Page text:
Snohomish Health District has identified measles in a youngster who was visiting the U.S. with a large group, prompting it to warn residents that they may have been exposed and urging them to check their immunization status.
The Snohomish Health District has confirmed a case of measles in a child who was visiting the U.S. from a European country as a part of a summer program, prompting officials to list places the group visited and warning residents with children who are unvaccinated to be aware of the risks.
The Health District confirmed the minor’s infection late on Friday. As of Sunday, no further cases have been reported and the Snohomish Health District’s Communicable Disease and Surveillance team has been monitoring members of the child’s family who were exposed and are considered nonimmune.
The Health District said anyone who visited the following locations during the listed times may have been exposed:
Walmart, 19191 N Kelsey St, Monroe, during these times:
- June 20, 2018: 2 p.m. – 10 p.m.
McDonald’s, 19515 State Hwy 2, Monroe, during these times:
- June 21, 2018: 9 a.m. – 2 p.m.
Dairy Queen, 19510 State Hwy 2, Monroe, during these times:
- June 21, 2018: 9 a.m. – 2 p.m.
YMCA, 14033 Fryelands Blvd, Monroe, during these times:
- June 21, 2018: 10 a.m. – 6 p.m.
Providence Regional Medical Center Everett, 1700 13th St, Everett during these times:
- June 22, 2018: 3 p.m. – 9 p.m.
- June 23, 2018: 3 p.m. – 9 p.m.
Wendy’s, 2510 Broadway, Everett during these times:
- June 23, 2018: 5 p.m. – 10 p.m.
Providence – Monroe Clinic Pharmacy, 19200 N Kelsey St, Monroe during these times:
- June 24, 2018: 9 a.m. – 5 p.m.
Swedish Redmond Clinic, 18100 NE Union Hill Rd, Ste 200, Redmond during these times:
- June 27, 2018: 11:30 a.m. – 5 p.m.
Providence – Monroe Laboratory, 19200 N Kelsey St, Monroe during these times:
- June 27, 2018, 1 p.m. – 5:30 p.m.
Washington state health officials have contacted the affected businesses and employees working during these times to alert them of the potential exposures. As of this morning, no further cases have been reported.
Most Read Local Stories
- Daylight saving time: Washington state moving toward an end to the clock change
- 'Shark Tank' star Robert Herjavec owes a debt of gratitude to a homeless shelter in Seattle VIEW
- 22 men arrested in child sex-crime sting in Thurston County
- Despite harm to Puget Sound orcas, Canada should expand Trans Mountain pipeline, energy board says
- Insult to injury: We're more on the hook to pay for Trump's wall than most border states | Danny Westneat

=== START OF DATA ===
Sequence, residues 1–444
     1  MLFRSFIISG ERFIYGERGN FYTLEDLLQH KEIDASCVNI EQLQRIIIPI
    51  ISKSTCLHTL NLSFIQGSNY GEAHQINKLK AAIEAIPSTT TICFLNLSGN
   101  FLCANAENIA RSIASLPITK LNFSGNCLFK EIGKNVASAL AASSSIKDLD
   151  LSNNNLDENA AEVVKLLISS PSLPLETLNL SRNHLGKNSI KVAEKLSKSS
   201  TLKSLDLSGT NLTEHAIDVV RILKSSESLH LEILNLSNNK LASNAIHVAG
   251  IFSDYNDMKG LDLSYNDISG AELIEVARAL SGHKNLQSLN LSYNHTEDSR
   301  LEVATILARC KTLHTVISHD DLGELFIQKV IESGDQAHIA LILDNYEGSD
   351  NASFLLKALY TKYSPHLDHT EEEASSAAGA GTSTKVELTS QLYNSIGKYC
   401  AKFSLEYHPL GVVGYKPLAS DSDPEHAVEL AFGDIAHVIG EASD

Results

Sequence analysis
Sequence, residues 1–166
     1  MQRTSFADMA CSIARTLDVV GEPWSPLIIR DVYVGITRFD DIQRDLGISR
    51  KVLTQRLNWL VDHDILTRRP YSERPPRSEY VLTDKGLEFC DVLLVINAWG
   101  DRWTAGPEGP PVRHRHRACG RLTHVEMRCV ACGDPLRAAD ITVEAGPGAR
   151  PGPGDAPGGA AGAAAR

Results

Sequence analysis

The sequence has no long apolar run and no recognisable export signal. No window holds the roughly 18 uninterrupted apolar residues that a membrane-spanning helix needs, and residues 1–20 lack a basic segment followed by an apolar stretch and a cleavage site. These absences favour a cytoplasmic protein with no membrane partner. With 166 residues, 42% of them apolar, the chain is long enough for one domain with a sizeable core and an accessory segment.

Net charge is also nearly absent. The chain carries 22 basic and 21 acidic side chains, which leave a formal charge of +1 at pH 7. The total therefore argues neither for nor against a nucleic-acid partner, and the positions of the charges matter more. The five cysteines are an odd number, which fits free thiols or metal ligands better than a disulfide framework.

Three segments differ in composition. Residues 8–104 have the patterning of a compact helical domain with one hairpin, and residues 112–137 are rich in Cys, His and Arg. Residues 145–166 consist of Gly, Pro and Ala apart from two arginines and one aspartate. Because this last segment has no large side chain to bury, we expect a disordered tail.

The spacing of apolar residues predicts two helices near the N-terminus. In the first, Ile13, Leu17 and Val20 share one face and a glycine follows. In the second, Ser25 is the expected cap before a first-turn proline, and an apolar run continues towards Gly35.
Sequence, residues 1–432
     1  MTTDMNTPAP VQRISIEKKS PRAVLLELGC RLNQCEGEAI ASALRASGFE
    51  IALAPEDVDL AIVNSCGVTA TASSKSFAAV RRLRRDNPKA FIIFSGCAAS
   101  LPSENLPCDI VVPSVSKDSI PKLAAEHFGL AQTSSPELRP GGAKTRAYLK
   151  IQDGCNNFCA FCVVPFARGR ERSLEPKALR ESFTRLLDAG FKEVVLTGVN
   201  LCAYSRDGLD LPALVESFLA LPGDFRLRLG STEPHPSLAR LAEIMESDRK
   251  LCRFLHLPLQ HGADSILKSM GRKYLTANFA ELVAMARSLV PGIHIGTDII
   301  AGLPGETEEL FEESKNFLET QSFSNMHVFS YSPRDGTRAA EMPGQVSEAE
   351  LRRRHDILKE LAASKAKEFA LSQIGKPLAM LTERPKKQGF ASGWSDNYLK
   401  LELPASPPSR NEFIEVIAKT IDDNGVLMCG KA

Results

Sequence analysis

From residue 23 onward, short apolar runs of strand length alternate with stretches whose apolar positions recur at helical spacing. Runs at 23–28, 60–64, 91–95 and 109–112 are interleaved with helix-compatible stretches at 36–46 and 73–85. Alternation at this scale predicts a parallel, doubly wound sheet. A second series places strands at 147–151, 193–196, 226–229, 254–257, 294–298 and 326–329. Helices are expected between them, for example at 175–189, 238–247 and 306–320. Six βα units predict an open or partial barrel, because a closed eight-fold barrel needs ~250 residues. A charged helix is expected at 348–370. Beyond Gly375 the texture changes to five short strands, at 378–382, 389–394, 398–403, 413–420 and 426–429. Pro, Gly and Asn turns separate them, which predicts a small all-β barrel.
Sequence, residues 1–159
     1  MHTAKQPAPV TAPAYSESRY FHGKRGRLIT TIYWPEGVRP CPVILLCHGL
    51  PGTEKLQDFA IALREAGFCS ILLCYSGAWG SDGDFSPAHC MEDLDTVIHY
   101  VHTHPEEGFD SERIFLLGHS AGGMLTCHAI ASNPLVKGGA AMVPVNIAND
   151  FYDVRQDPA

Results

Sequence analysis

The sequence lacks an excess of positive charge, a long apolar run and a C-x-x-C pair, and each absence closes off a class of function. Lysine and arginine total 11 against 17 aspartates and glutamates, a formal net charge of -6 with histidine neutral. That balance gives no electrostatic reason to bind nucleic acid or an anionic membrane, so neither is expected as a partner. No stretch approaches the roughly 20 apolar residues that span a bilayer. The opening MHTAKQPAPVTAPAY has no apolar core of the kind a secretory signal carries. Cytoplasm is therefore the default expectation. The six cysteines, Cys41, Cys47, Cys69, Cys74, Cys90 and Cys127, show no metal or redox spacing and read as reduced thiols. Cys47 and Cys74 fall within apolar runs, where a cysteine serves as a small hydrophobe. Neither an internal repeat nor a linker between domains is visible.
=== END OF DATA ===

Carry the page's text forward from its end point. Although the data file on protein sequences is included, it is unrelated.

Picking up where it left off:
The Snohomish Health District urges anyone who was at these locations at the listed times to find out if they have already been vaccinated for measles or have had measles in the past (immunization status can be checked at wa.MyIR.net).
The Health District suggests that anyone who may have been exposed at these locations and has developed illness with fever or an unexplained rash between June 21 and July 12th call a health care provider immediately. Anyone who thinks they may have contracted the disease should not go to a clinic or hospital without first calling to alert the facility about possible measles infection.
Measles is highly contagious and is usually spread through the air when an infected person coughs or sneezes. Symptoms begin with common cold symptoms, including a fever, runny nose, cough, red eyes, and sore throat. It is followed by a rash that spreads over the body. The disease can also lead to more severe symptoms, including seizures, permanent brain damage or deafness.
Symptoms do not usually begin to present until 7 to 21 days after exposure; however, an infected person can spread the infection and is contagious approximately four days before the rash appears and up to four days after the rash first appears.
According to the U.S. Centers for Disease Control and Prevention, measles was successfully eradicated in the U.S. in 2000, but remains common in several other parts of the world. Outbreaks have occurred in the U.S. in recent years, including a 2015 case of at least 17 people infected after visiting Disneyland in California. Among those infected were a minor from Grays Harbor County and a California woman visiting the Seattle area. The outbreak likely originated from a traveler who became infected overseas before visiting the amusement park and spreading the disease. No source was identified.
Most people in the U.S. who have previously had measles or have received the measles, mumps and rubella (MMR) vaccine are immune. However, those who have not received a vaccination may be vulnerable to the disease. Pregnant women, children under six months old, and those with weakened immune systems are particularly at risk if exposed.